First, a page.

cNET.com - News - October 19, 2018 - 4:53pm
Water intrusion is the reported cause.

New material could up efficiency of concentrated solar power

Ars Technica - October 19, 2018 - 4:37pm

Enlarge / A 110 megawatt (MW) solar plant in Israel’s Negev desert. (credit: OPIC)

With the price of photovoltaics having plunged dramatically, solar is likely to become a major contributor to the electrical generating mix in many countries. But the intermittent nature of photovoltaics could put a limit on how much they contribute to future grids or force us to develop massive storage capabilities.

But photovoltaics aren't the only solar technology out there. Concentrated solar power uses mirrors to focus the Sun's light, providing heat that can be used to drive turbines. Advances in heat storage mean that the technology can now generate power around the clock, essentially integrating storage into the process of producing energy. Unfortunately, the price of concentrated solar hasn't budged much, and photovoltaics have left it in the dust. But some materials scientists may have figured out a way to boost concentrated solar's efficiency considerably, clawing back some of photovoltaics' advantage.

Feel the heat

Solar thermal revolves around transfers of heat. Sunlight is used to heat up a working fluid at the mirrors' focus. That then transfers the heat either to a storage system or directly to another fluid that is used to drive a turbine—typically steam. Higher temperatures typically mean more work can be extracted, making the efficiency of these transfers critical.

Read 9 remaining paragraphs | Comments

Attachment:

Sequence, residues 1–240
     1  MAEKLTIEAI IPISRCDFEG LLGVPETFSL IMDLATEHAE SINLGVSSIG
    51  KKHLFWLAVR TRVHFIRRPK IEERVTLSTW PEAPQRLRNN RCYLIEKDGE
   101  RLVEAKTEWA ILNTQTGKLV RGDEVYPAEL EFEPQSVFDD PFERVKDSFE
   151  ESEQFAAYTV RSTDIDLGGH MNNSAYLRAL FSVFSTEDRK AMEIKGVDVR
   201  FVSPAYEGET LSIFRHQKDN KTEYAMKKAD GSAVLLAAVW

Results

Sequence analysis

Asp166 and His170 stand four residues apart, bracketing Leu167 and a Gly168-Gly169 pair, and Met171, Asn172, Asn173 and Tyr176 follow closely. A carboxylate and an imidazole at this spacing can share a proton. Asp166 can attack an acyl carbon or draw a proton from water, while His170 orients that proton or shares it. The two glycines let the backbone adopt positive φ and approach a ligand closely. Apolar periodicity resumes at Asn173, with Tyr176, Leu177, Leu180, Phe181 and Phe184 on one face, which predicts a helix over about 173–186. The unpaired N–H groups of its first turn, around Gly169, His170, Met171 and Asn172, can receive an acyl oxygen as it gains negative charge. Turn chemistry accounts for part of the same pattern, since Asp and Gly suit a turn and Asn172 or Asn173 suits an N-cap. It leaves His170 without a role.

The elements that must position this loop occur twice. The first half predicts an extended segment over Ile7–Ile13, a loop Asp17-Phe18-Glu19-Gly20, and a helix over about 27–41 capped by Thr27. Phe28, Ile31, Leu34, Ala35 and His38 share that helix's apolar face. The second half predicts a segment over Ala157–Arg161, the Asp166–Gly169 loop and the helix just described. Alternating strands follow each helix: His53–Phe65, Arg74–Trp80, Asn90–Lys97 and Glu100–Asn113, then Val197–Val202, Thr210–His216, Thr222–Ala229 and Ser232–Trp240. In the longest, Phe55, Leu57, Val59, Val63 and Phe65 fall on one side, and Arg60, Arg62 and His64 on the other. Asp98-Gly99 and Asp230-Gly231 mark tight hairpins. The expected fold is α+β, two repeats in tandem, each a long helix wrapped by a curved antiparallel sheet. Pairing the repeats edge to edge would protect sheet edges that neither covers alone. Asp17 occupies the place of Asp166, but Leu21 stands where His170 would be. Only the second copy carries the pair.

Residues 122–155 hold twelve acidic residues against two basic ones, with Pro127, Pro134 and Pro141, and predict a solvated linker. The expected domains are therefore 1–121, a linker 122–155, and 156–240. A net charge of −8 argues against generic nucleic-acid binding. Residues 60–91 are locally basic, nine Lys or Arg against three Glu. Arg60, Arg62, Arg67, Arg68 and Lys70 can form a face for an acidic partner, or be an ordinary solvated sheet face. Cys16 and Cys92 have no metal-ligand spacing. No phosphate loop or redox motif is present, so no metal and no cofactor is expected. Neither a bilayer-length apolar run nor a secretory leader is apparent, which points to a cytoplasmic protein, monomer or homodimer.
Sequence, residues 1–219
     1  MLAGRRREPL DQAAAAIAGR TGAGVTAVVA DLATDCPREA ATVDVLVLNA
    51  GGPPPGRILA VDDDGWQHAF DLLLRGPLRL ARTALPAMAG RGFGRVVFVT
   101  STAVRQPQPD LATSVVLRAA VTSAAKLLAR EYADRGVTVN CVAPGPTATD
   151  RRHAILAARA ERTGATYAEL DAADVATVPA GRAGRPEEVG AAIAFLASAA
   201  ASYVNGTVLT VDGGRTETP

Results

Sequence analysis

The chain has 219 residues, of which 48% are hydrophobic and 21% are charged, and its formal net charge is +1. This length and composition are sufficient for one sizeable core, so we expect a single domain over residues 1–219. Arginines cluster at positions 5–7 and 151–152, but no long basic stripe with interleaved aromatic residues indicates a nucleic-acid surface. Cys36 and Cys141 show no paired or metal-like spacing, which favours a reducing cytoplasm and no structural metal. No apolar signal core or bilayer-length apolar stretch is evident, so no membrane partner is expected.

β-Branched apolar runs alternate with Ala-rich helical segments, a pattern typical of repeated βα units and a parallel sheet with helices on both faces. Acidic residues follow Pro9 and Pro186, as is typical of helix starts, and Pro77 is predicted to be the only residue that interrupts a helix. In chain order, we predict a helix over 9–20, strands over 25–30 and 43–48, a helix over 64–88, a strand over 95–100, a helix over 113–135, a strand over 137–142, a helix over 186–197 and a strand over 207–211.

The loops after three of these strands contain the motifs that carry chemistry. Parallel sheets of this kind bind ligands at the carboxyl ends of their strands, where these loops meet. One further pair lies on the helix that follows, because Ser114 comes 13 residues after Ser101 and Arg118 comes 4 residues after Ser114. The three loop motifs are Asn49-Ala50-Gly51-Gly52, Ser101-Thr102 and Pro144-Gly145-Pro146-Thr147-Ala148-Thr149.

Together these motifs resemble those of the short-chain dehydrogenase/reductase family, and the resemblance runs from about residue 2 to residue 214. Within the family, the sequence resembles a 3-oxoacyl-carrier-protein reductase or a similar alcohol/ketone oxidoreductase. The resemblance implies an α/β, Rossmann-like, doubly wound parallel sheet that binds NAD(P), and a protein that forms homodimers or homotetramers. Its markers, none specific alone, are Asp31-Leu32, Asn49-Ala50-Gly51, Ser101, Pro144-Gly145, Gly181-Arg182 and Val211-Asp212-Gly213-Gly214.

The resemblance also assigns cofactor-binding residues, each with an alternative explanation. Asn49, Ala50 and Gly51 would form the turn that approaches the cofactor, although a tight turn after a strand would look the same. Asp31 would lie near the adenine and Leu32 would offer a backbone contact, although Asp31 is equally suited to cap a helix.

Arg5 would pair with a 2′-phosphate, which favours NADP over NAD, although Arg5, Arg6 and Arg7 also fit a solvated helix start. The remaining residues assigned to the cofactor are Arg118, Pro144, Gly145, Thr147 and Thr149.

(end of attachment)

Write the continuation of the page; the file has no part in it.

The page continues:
These $35 AirPod alternatives are way better than you'd expect - CNET

cNET.com - News - October 19, 2018 - 4:33pm
Cheapskate exclusive! Smart design, secure fit, great sound -- what more could you want? Plus: stock up on scary movies with Vudu's *killer* $4.99 deal. (Come on, you liked it.)

There's no 'I' in 'IMFT' – because Micron intends to buy Intel out of 3D XPoint joint venture

The Register - October 19, 2018 - 4:30pm
Chipzilla has to go it alone or turn to a partner

Micron has announced its intent to buy out Intel's interest in Intel Micron Flash Technologies (IMFT), the pair's flash and 3D XPoint foundry joint venture.…

Call of Duty: Black Ops 4 review: War games, now with battle royale!

Ars Technica - October 19, 2018 - 4:25pm

Enlarge / Players duking it out in the new Blackout mode.

Call of Duty, like video game war simulations in general, is caught in a paradox. It never changes, and yet, every year, it definitely does change. Approaching a new Call of Duty, especially from the multiplayer side, is a bit of a challenge. How much do the various iterative changes matter, and do they manage to reshape the core of the game in any meaningful way? Call of Duty has long been a game about moving fast and shooting guns; what makes the latest version worth playing over the dozen-plus iterations prior?

To be fair, Call of Duty: Black Ops 4 changes more than most. The highly choreographed, extravagantly cinematic single-player campaign that has been de rigueur for the series' entire lifespan has been excised. That leaves an awkward hole at the core of the experience, which developer Treyarch has filled with Blackout, an 88- to 100-player battle royale mode in the vein of Fortnite or PlayerUnknown's Battlegrounds. The rest of the game modes—the standard-by-now multiplayer suite and the ridiculous-but-addictive Zombies mode—fall in line around Blackout, creating a three-tiered experience of hyper-violence and militaristic energy.

Black Ops 4 is the biggest single-game change for the Call of Duty franchise in ages. But it's still, when it comes right down to it, just another Call of Duty.

“Where we droppin’, soldier?”

Black Ops 4 doesn't present its content in any particular order. As a player, you can jump freely between its three modes, and nothing—except for player progression in each mode—is gated from the start. The natural place to start, though, is Blackout, the newest part of the Call of Duty package, both the most derivative and the most distinct mode on offer. Taking place on a sprawling map stitched together from locations and motifs in Call of Duty's multiplayer past, Blackout heavily resembles just about any other battle royale game, both in concept and execution.

Read 14 remaining paragraphs | Comments